Faces Interest Rate risk (may shoot) or reference asset value depreciates. 4. Credit Default Swaps (CDS) It is a contract between two counterparties in which the one counterparty (protection buyer) makes regular payments to another counterparty (protection seller). In return, the credit protection seller makes a payment when any credit event occurs. It is very similar to an insurance contract and mainly used to hedge Credit Risk. Termination of Swaps There are different ways to terminate the swap contract before the maturity: Ø Mutual Termination – This is a mutual agreement between two counterparties to terminate a contract in which cash payment has to be made by the party with negative value of the contract owes to the counterparty. Ø Offsetting contract – A swap can also be terminated indirectly by entering into a similar swap agreement with opposite position to the original swap in order to offset the existing positions. Ø Resale of swap – A swap can also be terminated by selling it to another counterparty.
This is an unusual method and permission of counterparty is required. Ø Swaption – A swaption is an option to enter into a swap at some later date by paying some premium amount. The option to enter into an offsetting swap provides an option to terminate an existing swap. Recent Trends and Advancements in Swaps In recent years, contracting in swaps have expanded into new markets, as well as into new versions of the basic product. For example, it is now possible to trade both Interest Rate and Currency Swaps that are denominated in more than 18 different currencies. The new Non Plain Vanilla Swap designs and related products include: – Ø Off-market swaps – These swaps set the fixed rate to be something other than the prevailing market rate so that an initial payment can be created at the origination of the agreement. Ø Varying notional principal swaps – In these swaps, the size of the deal either expands or contracts from one settlement date to the next according to a predetermined schedule. Ø Indexed amortizing rate swaps – In these swaps, the notional principal amount varies in response to changes in some market index (such as the level of LIBOR) during the agreement.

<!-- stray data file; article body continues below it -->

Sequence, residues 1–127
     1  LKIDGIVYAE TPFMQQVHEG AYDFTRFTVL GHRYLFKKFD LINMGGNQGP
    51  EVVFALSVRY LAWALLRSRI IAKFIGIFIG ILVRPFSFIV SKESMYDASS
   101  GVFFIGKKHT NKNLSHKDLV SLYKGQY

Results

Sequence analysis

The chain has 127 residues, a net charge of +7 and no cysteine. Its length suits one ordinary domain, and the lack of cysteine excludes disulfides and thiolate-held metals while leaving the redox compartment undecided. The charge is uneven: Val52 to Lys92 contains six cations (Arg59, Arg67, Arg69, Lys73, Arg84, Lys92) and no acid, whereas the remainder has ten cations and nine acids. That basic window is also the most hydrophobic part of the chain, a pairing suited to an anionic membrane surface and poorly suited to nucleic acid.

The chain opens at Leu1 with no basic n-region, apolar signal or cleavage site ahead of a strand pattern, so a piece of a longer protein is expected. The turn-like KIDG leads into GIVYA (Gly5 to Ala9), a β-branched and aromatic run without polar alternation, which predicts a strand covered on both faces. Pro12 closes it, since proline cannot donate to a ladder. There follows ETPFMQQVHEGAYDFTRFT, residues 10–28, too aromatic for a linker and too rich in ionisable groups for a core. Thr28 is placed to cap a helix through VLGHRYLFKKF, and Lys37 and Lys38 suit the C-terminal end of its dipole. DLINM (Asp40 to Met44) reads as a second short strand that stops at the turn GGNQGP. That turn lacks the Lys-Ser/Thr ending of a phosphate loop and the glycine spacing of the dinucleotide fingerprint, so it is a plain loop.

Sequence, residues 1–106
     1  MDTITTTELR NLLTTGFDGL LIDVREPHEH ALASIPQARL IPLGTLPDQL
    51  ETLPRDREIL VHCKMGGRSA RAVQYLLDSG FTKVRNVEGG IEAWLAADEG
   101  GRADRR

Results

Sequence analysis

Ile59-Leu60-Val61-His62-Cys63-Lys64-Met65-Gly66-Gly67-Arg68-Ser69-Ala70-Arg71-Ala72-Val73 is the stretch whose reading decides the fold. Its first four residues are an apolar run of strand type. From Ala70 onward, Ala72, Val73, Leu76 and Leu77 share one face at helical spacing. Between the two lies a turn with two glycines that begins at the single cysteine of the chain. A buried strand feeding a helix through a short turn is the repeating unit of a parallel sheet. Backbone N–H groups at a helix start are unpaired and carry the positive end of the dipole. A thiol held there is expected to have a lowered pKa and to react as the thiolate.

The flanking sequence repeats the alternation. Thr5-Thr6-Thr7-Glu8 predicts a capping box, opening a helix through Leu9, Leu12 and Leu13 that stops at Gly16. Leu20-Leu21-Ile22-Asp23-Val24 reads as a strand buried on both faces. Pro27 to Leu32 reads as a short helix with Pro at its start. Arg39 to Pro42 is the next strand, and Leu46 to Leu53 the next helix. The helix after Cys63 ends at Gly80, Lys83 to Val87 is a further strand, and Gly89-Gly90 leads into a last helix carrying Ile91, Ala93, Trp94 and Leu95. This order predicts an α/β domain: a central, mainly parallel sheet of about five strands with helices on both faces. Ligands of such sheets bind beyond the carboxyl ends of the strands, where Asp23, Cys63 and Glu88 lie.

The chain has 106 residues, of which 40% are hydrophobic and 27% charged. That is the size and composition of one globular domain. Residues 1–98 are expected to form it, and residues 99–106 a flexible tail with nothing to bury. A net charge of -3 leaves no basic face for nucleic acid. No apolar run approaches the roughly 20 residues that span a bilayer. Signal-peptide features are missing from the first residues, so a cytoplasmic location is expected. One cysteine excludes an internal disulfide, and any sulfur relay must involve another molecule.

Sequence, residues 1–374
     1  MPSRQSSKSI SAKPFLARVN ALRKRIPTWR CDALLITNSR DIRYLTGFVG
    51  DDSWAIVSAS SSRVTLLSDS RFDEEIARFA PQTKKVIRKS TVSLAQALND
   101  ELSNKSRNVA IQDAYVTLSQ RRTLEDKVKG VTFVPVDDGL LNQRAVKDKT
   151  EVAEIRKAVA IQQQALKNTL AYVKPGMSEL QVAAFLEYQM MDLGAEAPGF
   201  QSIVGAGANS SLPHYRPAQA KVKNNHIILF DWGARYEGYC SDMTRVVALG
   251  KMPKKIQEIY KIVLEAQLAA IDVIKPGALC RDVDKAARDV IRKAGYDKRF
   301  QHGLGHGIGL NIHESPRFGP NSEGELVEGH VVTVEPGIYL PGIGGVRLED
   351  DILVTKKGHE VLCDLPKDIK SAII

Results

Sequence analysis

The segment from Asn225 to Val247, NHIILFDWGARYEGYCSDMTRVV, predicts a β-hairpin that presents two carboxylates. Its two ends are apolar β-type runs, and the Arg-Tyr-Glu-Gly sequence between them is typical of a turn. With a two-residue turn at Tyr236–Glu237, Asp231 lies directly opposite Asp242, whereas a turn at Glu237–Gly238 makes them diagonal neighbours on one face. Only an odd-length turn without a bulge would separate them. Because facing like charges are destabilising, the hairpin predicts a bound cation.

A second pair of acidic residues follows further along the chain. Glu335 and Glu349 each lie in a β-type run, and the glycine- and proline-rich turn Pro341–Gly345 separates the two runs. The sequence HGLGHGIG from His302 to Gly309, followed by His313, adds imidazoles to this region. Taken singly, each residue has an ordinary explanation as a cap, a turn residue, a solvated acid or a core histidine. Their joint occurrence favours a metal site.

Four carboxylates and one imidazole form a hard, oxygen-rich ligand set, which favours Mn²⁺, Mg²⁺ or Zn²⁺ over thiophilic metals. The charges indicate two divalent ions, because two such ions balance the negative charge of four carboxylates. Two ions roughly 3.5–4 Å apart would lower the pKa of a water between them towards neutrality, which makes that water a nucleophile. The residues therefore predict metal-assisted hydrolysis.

Atomic Swaps An atomic swap is a direct trade between two different cryptocurrencies running on two separate blockchains. It does not require any centralized exchange or any other trusted third party for the trade. This is quite an exciting technology and innovation which has not yet fully implemented but once it’s operational, it will allow users to trade and buy any cryptocurrency directly within their own wallets. The latest news is that the atomic swap between two cryptocurrencies, Bitcoin and Litecoin has been successfully completed. The biggest advantage of atomic swap is that it reduces financial risk, human error and manipulation.